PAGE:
solution_windturbinesonshore01.jpg

Wind turbine under construction
Jim West / Alamy Stock Photo

Wind turbine under construction

Onshore Wind Turbines

Onshore wind turbines generate electricity at a utility scale, comparable to power plants. They replace fossil fuels with emissions-free electricity.

Reduce SourcesElectricityShift Production
46.95 to 143.56
Gigatons
CO2 Equivalent
Reduced/Sequestered
2020–2050
0.92 to 1.89
Trillion US$
Net First Cost
To Implement
3.77 to 9.83
Trillion US$
Lifetime Net
Operational Savings
Research Fellows: Christine Shearer, Abdulmutalib Yussuff; Senior Fellow: João Pedro Gouveia; Senior Director: Chad Frischmann

Impact

Onshore wind turbines are rapidly being incorporated into electricity infrastructure around the world. An increase from 4.4 percent of world electricity generation to 20–27 percent by 2050 could reduce emissions by 46.95–143.56 gigatons of carbon dioxide equivalent greenhouse gases. Net first costs to implement are US$0.92–1.89 trillion with lifetime net operational savings of US$3.77–9.83 trillion. These are conservative estimates, however. Costs are falling, technology is improving, and capacity is increasing to generate more electricity at the same or lower cost.

Introduction

The wind industry is marked by a proliferation of turbines, dropping costs, and heightened performance. In many locales, wind is either competitive with or less expensive than coal-generated electricity. In 2018, global cumulative installed onshore wind capacity was 539.6 GW (IRENA, 2019), dominated by China (35 percent), followed by the US (17 percent), Germany (10 percent), India (6 percent), and Spain (4 percent).

Onshore wind farms have small footprints, typically using no more than 1 percent of the land they sit on, so grazing, farming, recreation, or conservation can happen simultaneously with power generation. What’s more, it takes one year or less to build a wind farm—quickly producing energy and a return on investment.

Project Drawdown’s Onshore Wind Turbines solution involves deployment of onshore utility-scale wind power technologies. This solution replaces conventional electricity-generating technologies such as coal, oil, and natural gas power plants.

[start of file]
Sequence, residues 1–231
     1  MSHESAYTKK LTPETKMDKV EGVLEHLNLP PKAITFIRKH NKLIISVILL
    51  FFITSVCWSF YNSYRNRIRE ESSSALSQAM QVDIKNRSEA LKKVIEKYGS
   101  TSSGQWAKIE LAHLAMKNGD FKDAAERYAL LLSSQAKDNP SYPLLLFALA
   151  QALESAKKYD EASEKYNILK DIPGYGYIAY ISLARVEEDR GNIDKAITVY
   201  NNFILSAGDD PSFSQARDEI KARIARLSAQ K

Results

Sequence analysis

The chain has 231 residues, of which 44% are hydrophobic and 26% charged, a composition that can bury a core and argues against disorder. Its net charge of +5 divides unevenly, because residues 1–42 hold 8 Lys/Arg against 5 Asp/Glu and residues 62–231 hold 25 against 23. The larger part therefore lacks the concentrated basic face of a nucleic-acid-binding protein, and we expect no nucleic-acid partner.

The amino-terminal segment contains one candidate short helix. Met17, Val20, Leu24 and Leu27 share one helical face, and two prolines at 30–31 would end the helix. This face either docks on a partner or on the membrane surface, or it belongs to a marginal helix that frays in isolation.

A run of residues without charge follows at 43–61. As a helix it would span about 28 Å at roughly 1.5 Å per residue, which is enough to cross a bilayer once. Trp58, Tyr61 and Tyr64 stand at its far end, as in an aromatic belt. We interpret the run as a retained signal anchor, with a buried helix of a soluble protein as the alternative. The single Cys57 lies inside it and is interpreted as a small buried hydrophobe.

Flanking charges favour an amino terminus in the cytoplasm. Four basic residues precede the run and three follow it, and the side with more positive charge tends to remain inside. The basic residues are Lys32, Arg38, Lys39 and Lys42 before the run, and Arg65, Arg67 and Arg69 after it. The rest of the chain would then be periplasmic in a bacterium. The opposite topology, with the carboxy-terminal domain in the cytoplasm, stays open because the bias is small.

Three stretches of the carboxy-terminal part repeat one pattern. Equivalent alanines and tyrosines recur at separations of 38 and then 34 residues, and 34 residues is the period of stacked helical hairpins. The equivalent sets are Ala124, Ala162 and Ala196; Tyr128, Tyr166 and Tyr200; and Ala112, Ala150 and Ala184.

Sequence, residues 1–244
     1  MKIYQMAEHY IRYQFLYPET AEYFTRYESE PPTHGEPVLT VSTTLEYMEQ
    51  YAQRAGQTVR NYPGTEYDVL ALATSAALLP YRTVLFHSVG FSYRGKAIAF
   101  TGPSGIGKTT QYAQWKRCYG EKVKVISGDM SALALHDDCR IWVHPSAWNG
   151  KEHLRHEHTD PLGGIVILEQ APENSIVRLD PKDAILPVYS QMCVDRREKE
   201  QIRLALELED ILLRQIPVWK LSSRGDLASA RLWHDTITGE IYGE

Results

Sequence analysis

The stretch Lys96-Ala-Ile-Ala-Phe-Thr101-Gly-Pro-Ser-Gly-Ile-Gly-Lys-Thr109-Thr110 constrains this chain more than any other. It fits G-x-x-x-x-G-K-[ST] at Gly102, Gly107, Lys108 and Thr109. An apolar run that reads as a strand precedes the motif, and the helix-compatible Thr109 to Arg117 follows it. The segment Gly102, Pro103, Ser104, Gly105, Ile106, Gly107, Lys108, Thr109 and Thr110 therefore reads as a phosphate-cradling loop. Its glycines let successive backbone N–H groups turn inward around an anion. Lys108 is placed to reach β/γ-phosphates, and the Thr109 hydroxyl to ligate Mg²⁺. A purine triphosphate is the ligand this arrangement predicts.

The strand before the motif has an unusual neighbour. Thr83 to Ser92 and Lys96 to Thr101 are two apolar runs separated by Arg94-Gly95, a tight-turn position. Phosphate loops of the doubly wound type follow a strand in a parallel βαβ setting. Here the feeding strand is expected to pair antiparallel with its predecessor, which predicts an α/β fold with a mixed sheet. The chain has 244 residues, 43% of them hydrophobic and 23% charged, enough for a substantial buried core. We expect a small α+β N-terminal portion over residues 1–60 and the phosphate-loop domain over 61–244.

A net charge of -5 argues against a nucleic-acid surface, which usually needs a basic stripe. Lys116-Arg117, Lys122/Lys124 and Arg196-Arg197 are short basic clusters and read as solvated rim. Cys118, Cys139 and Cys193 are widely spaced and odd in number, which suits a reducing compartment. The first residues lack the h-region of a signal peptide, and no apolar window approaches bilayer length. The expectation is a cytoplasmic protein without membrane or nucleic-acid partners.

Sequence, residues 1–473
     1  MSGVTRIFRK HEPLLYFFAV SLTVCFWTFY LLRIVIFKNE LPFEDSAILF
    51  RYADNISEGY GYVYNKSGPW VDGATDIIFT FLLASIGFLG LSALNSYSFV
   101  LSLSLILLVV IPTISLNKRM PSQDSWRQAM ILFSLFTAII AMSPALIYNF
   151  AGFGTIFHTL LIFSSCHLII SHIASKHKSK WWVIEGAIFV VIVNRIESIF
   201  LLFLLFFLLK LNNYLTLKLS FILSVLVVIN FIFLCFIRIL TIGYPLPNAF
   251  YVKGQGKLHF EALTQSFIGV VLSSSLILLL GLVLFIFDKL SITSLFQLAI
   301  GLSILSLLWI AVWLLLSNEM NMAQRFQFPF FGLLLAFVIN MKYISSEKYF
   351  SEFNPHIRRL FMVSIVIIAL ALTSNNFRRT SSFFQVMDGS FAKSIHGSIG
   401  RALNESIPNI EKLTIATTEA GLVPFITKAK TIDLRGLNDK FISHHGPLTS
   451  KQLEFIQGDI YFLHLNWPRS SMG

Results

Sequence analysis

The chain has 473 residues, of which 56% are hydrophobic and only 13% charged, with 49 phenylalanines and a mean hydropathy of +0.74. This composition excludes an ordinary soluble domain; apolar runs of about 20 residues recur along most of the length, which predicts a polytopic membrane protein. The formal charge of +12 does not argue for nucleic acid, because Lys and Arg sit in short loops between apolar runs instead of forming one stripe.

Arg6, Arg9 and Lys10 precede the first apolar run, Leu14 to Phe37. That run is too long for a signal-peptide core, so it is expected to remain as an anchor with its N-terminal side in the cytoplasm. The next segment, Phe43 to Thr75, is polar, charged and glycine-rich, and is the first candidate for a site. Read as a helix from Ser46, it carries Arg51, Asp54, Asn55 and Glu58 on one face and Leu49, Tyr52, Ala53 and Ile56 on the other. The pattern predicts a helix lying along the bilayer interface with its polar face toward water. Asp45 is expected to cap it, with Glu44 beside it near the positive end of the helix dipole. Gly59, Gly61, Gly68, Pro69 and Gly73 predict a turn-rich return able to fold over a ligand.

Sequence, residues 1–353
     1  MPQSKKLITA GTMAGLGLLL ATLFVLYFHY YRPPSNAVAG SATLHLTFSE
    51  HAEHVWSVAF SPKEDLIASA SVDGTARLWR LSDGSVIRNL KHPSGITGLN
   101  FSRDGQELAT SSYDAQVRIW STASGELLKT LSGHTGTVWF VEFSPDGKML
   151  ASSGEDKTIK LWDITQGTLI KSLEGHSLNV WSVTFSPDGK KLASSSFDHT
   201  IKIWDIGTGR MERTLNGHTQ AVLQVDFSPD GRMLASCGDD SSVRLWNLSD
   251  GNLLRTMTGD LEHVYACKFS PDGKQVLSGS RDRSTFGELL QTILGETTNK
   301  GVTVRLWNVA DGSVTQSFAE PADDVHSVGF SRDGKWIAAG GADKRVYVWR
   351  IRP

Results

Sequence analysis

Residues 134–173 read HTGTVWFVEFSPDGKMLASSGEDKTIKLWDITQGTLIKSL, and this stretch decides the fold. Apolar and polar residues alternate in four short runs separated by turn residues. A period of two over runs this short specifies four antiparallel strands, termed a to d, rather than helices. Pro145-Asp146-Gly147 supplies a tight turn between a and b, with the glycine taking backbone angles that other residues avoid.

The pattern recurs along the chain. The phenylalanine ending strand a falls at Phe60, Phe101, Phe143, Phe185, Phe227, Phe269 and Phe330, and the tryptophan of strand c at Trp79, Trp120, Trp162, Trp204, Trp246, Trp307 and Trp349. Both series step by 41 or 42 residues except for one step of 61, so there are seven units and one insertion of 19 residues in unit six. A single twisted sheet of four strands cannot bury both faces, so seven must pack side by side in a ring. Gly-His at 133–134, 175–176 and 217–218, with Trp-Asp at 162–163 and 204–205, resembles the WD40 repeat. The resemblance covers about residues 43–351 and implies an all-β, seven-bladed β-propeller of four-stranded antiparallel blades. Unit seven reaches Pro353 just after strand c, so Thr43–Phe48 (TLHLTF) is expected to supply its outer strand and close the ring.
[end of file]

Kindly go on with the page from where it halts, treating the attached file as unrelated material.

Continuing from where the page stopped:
The variable nature of wind means there are times when turbines are not turning. Investment in 24/7 renewables such as geothermal, energy storage, transmission infrastructure, and distributed generation is essential to its growth.

Methodology

Total Addressable Market

We based the total addressable market for the Onshore Wind Turbines solution on projected global electricity generation from 2020 to 2050. The total addressable market is different for the two adoption scenarios because Scenario 2 projects extensive electrification of transportation, space heating, etc., dramatically increasing demand and therefore production of electricity worldwide.

We estimated current adoption (the amount of functional demand supplied in 2018) at 4.36 percent (1,150 terawatt-hours) of total electricity generation.

Adoption Scenarios

We calculated impacts of increased adoption of onshore wind turbines from 2020 to 2050 by comparing two scenarios with a reference scenario in which the market share was fixed at current levels.

  • Scenario 1: This scenario is based on the yearly averages of four optimistic scenarios: IEA (2017) Energy Technology Perspectives 2DS and B2DS scenarios, IEA (2018) World Energy Outlook SDS, and Equinor (2018) Renewal Scenario, using a high growth trajectory. In this scenario, 8,732.98 terawatt-hours of capacity is installed (20 percent of the total addressable market).
  • Scenario 2: This scenario is based on the yearly average values of scenarios for three 100 percent renewable energy sources used for electricity generation by 2050: Greenpeace (2015) Advanced Energy [R]evolution Scenario, Ram et al. (2019) scenario, and Ecofys (2018) 1.5°C scenario. In this scenario, 18,920.27 terawatt-hours of capacity is installed (27 percent of the total addressable market).

Financial Model

All monetary values are presented in 2014 US$.

We used an average installation cost of US$1,635 per kilowatt and a learning rate of 9.65 percent, resulting in first costs to implement of US$1,155 per kilowatt in 2030 and US$1,026 in 2050. We used an average capacity factor of 33.6 percent for onshore wind turbines, compared with 57 percent for conventional technologies (i.e., coal, natural gas, and oil power plants). Variable operation and maintenance costs were US$0.024 per kilowatt-hour and fixed costs were US$48.7 per kilowatt for onshore wind, compared with US$0.005 per kilowatt-hour and US$34.7 per kilowatt for the conventional technologies. In some regions, reports for first costs have been significantly lower (around US$1,100 and US$1,200 per kilowatt in the United States and China) and much higher for capacity factors (reaching 55 percent in the US).